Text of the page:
The family of a slain NSW police officer has condemned a High Court decision not to hear an appeal against a ruling that slashed the sentence of the mentally ill man who killed the detective.
The NSW Court of Criminal Appeal in December cut Mitchell Barbieri's minimum jail term from 26 years to 15 over the 2012 stabbing murder of Detective Inspector Bryson Anderson.
The NSW Director of Public Prosecutions applied for leave to challenge the reduction but on Friday, three High Court judges refused the application, saying the case didn't involve any error of legal principle.
"It's a result that defies description, really," the slain officer's brother, Warwick Anderson, said outside the Sydney court.
"If our system considers that is an appropriate sentence ... I'd invite the premier and the attorney-general to give that some serious consideration because it's not what your average person expects."
The casket of NSW Police officer Detective Inspector Bryson Anderson is carried into St. Patrick's Cathederal in Parramatta in 2012. Source: AAP Image/Dean Lewins
Then 19-year-old Barbieri was sharing mental delusions with his mother, Fiona, when he stabbed Det Insp Anderson twice in the chest with a hunting knife during a siege at the pair's rural Sydney property.
Police seized a large volume of material from the squalid, isolated home, among them letters to world leaders including the Russian president.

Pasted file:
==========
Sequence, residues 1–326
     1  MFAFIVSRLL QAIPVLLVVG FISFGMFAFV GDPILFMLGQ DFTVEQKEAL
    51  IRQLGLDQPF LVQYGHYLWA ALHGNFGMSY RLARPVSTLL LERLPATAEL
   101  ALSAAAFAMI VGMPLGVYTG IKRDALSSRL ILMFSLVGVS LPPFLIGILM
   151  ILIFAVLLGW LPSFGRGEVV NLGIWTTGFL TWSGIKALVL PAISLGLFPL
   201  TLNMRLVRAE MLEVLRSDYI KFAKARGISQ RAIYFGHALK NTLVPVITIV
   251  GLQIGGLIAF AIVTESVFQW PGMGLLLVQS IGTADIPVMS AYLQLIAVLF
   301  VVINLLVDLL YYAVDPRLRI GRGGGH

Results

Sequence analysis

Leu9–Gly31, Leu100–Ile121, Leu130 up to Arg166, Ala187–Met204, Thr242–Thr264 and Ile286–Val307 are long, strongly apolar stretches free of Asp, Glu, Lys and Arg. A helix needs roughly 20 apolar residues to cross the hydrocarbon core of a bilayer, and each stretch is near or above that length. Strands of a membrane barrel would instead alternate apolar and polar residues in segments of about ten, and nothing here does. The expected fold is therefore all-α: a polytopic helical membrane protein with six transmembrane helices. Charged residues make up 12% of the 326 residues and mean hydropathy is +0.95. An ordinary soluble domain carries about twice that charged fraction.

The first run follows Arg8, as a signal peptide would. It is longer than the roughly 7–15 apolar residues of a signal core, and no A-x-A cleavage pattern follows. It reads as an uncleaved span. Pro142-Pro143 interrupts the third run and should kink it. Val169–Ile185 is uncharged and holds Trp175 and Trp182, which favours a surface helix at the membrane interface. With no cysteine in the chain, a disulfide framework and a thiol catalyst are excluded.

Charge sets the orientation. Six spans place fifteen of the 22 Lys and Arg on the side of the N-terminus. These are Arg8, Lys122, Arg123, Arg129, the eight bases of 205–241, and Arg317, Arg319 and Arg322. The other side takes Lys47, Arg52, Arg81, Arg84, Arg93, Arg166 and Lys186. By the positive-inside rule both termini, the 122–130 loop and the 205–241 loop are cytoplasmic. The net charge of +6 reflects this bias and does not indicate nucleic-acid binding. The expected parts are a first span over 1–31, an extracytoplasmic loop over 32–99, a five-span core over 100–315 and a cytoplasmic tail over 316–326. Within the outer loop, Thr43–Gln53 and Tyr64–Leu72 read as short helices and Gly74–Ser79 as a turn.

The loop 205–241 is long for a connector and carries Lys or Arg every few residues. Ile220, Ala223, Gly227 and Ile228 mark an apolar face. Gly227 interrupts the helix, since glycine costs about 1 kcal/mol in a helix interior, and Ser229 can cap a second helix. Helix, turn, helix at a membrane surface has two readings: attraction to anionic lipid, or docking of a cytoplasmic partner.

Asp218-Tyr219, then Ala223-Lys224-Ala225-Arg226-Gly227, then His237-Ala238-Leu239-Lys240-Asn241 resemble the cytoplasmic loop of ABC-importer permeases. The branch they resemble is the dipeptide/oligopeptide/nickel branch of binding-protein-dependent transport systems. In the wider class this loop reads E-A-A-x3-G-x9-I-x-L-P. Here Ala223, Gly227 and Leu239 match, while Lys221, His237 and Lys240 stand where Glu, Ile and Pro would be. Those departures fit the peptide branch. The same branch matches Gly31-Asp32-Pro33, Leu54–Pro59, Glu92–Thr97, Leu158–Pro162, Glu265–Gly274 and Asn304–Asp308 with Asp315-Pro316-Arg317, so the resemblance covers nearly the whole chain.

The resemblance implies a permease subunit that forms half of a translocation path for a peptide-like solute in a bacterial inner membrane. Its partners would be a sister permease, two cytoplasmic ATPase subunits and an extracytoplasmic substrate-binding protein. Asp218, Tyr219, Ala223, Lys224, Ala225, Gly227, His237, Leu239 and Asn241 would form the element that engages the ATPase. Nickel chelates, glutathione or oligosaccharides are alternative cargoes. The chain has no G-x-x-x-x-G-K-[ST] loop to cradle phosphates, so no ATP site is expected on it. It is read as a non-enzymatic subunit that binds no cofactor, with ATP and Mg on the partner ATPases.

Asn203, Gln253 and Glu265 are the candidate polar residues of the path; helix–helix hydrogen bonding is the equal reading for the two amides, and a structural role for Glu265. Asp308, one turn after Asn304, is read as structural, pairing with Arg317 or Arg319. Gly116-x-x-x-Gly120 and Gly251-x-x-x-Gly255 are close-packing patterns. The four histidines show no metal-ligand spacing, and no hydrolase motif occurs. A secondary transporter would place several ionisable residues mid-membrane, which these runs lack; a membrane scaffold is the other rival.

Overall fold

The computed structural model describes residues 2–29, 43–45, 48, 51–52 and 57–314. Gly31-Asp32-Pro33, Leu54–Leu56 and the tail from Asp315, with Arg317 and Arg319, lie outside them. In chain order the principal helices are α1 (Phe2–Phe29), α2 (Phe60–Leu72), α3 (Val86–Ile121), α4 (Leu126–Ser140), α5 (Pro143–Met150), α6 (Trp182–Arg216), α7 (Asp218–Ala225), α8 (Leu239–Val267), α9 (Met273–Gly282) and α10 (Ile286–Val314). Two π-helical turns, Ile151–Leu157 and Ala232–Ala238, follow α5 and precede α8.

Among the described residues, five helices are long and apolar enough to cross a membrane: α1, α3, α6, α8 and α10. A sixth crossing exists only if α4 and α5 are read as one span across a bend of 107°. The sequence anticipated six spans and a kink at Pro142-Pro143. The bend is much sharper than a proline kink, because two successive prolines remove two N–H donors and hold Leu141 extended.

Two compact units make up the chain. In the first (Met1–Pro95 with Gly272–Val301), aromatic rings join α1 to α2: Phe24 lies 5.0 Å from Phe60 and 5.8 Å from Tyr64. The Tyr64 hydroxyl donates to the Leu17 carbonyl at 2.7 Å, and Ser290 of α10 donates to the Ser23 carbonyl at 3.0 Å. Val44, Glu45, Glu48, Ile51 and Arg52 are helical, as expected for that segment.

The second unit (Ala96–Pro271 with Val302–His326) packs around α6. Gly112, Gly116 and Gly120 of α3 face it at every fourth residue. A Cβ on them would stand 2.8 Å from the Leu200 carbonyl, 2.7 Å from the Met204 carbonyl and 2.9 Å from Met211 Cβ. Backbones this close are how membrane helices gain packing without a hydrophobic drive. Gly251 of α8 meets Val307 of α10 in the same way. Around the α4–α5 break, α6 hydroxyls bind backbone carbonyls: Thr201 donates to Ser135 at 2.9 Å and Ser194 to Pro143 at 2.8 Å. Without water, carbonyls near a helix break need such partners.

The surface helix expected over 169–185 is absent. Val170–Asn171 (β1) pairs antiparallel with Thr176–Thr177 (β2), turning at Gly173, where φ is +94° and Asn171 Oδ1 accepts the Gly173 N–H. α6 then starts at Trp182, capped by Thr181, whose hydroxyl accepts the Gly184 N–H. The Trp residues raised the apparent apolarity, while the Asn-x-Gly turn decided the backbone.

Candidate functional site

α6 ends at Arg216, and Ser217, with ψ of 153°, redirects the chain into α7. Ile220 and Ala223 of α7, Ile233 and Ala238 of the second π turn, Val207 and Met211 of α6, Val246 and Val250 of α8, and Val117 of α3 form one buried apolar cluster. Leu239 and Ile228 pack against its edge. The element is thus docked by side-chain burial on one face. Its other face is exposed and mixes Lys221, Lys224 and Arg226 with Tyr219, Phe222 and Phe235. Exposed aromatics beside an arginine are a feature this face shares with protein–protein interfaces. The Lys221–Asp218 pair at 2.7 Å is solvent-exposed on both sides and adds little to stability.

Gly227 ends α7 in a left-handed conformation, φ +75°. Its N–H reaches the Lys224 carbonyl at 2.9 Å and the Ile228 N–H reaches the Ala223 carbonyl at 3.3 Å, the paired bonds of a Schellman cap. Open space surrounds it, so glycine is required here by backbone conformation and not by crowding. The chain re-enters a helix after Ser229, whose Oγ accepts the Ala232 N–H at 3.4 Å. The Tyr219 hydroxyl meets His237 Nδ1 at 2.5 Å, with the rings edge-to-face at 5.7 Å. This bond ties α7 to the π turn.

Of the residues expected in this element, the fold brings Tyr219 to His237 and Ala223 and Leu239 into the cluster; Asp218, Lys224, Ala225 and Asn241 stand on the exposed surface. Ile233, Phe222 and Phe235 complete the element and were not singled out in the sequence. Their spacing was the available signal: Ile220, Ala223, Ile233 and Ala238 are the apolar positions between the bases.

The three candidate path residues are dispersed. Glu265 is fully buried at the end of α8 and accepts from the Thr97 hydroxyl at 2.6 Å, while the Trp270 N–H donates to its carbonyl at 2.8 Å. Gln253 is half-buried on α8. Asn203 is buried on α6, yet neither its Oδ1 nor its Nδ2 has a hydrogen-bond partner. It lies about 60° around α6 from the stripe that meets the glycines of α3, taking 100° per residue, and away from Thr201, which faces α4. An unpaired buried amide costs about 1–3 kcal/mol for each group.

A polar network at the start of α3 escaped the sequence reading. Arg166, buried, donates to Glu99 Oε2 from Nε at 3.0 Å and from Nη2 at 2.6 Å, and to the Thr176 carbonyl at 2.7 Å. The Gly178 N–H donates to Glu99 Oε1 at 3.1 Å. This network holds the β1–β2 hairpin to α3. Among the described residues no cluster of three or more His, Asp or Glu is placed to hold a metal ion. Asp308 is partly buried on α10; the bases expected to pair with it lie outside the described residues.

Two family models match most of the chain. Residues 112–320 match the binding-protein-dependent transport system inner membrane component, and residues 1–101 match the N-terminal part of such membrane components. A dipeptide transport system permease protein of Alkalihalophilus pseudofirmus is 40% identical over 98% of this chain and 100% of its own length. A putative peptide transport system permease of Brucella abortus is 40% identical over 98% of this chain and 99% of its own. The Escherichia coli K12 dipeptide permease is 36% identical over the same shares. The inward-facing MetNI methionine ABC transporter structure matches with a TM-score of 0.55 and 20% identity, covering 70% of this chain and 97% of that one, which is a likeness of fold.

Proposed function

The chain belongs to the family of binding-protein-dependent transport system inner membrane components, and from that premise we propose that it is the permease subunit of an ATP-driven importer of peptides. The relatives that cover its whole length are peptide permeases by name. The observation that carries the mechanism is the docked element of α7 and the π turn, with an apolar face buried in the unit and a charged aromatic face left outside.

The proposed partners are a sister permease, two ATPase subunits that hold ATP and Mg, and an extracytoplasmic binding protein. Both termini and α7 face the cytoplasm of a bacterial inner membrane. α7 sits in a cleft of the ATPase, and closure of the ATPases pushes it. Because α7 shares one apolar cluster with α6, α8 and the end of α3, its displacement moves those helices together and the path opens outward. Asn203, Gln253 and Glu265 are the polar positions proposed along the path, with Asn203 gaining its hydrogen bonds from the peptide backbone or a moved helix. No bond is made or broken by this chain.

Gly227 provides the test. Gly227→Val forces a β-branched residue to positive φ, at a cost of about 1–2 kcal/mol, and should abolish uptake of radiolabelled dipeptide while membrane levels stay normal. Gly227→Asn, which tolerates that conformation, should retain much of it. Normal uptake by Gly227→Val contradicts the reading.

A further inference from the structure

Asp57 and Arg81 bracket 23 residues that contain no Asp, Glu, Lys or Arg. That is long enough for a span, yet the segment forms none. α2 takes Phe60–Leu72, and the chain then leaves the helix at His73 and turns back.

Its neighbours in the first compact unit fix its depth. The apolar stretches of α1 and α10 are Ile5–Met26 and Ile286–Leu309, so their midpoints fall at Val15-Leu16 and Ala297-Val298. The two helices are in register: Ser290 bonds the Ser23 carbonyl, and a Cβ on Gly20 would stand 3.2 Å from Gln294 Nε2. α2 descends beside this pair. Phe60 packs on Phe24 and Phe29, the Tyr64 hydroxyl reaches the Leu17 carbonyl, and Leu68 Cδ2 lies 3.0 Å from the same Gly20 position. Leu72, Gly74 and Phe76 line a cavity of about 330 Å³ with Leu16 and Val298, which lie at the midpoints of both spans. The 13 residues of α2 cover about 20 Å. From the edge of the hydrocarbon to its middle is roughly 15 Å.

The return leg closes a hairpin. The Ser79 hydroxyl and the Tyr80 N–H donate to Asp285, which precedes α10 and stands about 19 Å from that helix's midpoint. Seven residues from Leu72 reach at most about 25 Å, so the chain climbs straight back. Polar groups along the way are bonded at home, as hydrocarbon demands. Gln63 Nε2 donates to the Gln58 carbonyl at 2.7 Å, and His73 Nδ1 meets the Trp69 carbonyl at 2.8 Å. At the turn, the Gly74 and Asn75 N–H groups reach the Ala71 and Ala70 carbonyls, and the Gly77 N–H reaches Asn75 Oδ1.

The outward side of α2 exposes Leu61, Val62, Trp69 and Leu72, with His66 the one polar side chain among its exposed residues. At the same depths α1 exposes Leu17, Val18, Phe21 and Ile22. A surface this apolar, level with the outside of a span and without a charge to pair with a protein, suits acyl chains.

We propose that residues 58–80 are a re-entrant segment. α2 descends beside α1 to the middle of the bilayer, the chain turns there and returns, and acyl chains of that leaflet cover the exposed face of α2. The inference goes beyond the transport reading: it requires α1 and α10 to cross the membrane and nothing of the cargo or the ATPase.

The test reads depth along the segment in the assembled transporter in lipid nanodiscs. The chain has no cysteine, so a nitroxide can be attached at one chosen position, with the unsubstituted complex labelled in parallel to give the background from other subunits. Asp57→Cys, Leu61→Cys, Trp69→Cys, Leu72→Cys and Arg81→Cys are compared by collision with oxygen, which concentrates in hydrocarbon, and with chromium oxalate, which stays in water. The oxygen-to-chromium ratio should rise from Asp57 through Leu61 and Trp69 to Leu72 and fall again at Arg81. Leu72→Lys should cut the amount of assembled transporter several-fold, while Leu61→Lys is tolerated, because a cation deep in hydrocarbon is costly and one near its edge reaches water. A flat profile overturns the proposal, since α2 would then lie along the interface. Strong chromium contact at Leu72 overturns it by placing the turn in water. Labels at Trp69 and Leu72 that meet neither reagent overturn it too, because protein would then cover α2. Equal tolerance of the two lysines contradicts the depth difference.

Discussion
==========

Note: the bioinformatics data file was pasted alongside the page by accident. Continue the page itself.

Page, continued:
They revealed "a complex delusional belief system alleging corruption, persecution and perceived grievances of a wide-ranging nature", according to a psychiatrist.
The appeal court in December found the original sentencing judge erred when considering the severe mental illness of Barbieri, who'd pleaded guilty to murder.
It said it made no difference that his illness was secondary to that of his mother's, or that he recovered after being separated from her.
"His mental illness diminished his moral culpability to a very significant degree," Justice Carolyn Simpson said at the time.
Police Association of NSW acting president Tony King said his members were "disgusted" by Friday's decision.
A portrait of NSW Police officer Detective Inspector Bryson Anderson on display during his funeral. Source: AAP Image/News Ltd pool, Craig Greenhill
It suggested crimes were prosecuted in a legal rather than a justice system, he said.
Warwick Anderson said it was tough to expect police officers to put themselves in harm's way when "this is the result when people murder them".
He also said the fight was "not over".
"We look forward to having some meaningful discussion with the attorney-general about how repetition of this can be avoided," Mr Anderson said.
Fiona Barbieri was jailed for at least six-and-a-half years for Det Insp Anderson's manslaughter.